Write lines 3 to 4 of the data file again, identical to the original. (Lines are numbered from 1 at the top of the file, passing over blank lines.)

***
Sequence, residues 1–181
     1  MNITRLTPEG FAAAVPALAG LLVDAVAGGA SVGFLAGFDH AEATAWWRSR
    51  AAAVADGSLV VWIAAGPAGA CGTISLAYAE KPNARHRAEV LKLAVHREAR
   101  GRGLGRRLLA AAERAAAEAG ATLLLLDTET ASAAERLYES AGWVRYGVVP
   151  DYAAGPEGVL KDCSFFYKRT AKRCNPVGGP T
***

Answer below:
    51  AAAVADGSLV VWIAAGPAGA CGTISLAYAE KPNARHRAEV LKLAVHREAR
   101  GRGLGRRLLA AAERAAAEAG ATLLLLDTET ASAAERLYES AGWVRYGVVP